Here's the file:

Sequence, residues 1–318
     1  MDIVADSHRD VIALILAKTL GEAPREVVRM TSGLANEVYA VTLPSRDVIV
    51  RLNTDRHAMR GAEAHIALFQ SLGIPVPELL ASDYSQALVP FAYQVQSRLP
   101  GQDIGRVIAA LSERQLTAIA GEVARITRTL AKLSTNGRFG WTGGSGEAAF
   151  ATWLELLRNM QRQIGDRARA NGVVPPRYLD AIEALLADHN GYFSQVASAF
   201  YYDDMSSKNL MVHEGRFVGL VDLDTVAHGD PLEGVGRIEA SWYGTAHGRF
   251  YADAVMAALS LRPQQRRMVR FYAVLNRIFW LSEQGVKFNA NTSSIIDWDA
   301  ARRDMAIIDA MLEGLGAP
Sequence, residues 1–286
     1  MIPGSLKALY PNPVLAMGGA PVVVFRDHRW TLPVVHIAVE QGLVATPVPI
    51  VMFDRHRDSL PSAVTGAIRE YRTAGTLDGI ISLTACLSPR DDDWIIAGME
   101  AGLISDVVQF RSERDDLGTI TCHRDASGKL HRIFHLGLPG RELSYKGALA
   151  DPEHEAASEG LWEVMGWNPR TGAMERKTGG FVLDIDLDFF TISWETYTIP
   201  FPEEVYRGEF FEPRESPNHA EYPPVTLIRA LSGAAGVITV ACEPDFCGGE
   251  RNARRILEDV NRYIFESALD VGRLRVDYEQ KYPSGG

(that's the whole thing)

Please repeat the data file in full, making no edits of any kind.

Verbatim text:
Sequence, residues 1–318
     1  MDIVADSHRD VIALILAKTL GEAPREVVRM TSGLANEVYA VTLPSRDVIV
    51  RLNTDRHAMR GAEAHIALFQ SLGIPVPELL ASDYSQALVP FAYQVQSRLP
   101  GQDIGRVIAA LSERQLTAIA GEVARITRTL AKLSTNGRFG WTGGSGEAAF
   151  ATWLELLRNM QRQIGDRARA NGVVPPRYLD AIEALLADHN GYFSQVASAF
   201  YYDDMSSKNL MVHEGRFVGL VDLDTVAHGD PLEGVGRIEA SWYGTAHGRF
   251  YADAVMAALS LRPQQRRMVR FYAVLNRIFW LSEQGVKFNA NTSSIIDWDA
   301  ARRDMAIIDA MLEGLGAP
Sequence, residues 1–286
     1  MIPGSLKALY PNPVLAMGGA PVVVFRDHRW TLPVVHIAVE QGLVATPVPI
    51  VMFDRHRDSL PSAVTGAIRE YRTAGTLDGI ISLTACLSPR DDDWIIAGME
   101  AGLISDVVQF RSERDDLGTI TCHRDASGKL HRIFHLGLPG RELSYKGALA
   151  DPEHEAASEG LWEVMGWNPR TGAMERKTGG FVLDIDLDFF TISWETYTIP
   201  FPEEVYRGEF FEPRESPNHA EYPPVTLIRA LSGAAGVITV ACEPDFCGGE
   251  RNARRILEDV NRYIFESALD VGRLRVDYEQ KYPSGG